The first phase of the society’s social media campaign is called ‘One Hour More’ and seeks to educate the public on the benefits of sleep and the health risks of not sleeping enough.
What sleep deprivation does
In a survey conducted by the Singapore Sleep Society on nearly 400 junior college students, the results showed 97% of the students saying they were feeling drowsy during class, with about 70% actually falling asleep in class at least once a week. To stay awake during the day, 33.2% of students drank caffeinated beverages.
What the experts say
“Prolonged sleep deprivation and disrupted sleep patterns can have long-term, serious health implications. Studies have linked lack of sleep to depression, cardiovascular disorders and other serious conditions like high blood pressure, diabetes and obesity,” warned Dr. Lim Li Ling, President, Singapore Sleep Society.
“Ensure that you have enough sleep regularly to protect your health, and reduce the risk of developing chronic illnesses. Untreated chronic sleep disorders like obstructive Sleep Apnoea and Insomnia can also cause insufficient sleep and health problems. Chronic sleep disorders should not be left untreated.” said Dr. Mark Hon Wah Ignatius, Vice-President, Singapore Sleep Society.
Children show behavioural changes when they are sleep-deprived. The signs of sleep deprivation can be harder to recognise and children who get less sleep are more likely to show symptoms associated with Attention Deficit Hyperactivity Disorder (ADHD). Sleep deprivation also causes inattentiveness, leaving the child with low energy and unable to focus in class.
“In addition, sleep deprivation in children and adolescents has also been shown to contribute to behavioural problems, impairment of performance in school and sports, overuse of harmful alertness promoting agents e.g. caffeine, nicotine and increased risk-taking behavior e.g. recreational drugs,” said Dr Jenny Tang, Vice-President, Singapore Sleep Society.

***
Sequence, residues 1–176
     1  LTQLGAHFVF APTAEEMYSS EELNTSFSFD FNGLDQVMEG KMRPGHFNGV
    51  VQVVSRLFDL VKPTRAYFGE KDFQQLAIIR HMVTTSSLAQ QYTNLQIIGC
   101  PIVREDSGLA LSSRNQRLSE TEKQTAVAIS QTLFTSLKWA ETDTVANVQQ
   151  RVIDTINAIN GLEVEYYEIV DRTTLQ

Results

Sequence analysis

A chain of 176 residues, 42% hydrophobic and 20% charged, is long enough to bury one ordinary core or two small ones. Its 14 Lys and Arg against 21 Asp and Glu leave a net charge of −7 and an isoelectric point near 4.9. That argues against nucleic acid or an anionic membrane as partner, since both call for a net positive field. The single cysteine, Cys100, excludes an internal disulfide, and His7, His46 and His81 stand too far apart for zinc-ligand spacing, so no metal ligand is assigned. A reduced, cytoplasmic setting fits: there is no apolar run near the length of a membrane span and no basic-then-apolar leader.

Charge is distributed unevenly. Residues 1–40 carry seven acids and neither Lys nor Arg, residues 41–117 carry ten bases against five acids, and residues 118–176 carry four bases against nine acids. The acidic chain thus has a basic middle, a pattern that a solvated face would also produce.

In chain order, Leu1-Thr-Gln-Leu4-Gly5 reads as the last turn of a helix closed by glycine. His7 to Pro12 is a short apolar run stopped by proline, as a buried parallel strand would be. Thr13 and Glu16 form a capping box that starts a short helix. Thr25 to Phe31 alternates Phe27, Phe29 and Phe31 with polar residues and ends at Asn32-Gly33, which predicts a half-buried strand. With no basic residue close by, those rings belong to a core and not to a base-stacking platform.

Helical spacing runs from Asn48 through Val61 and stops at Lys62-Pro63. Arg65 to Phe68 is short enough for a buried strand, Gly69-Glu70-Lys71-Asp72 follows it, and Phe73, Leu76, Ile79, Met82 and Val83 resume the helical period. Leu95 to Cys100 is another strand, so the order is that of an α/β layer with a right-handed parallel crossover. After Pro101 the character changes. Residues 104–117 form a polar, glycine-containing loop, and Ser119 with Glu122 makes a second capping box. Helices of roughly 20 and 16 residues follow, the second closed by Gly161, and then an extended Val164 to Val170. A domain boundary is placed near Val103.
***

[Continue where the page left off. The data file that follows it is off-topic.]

(Next Page: Dr. Jenny Tang, Vice-President of Singapore Sleep Society and Paediatrician for Singapore Baby and Child Clinic answers your questions on sleep disorder and habits.)
theAsianparent.com snagged an interview with Dr. Jenny Tang, Vice-President of Singapore Sleep Society and Paediatrician for Singapore Baby and Child Clinic. We asked her questions pertaining to sleep disorder and habits.
1. Q: How can parents help kids who find difficulty in falling asleep?
A: Kids may have difficulty falling asleep due to a variety of reasons and may vary depending on the age of the child.
Young infants and toddlers may have difficulty sleeping due to sleep association disorders or limit setting problems. Training the child to fall asleep on his own and consistent limit setting will help. A good bedtime routine to help children look forward to bedtime is important. E.g. wash up, cuddle with mum, bedtime story and goodnight kiss.
Adolescents may have a physiological later sleep time or a delayed sleep phase. Good sleep hygiene will help sleep onset at the desired bedtime. Good sleep hygiene includes:
– Regular sleep and wake times
– Ideal bedroom environment with comfortable bed, temperature, quiet, dark
– Use the bed for sleep only and not other activities e.g. computer homework
– Do not have heavy meals or exercise too close to bedtime
– No stimulants or caffeine containing foods before bedtime e.g coffee tea sodas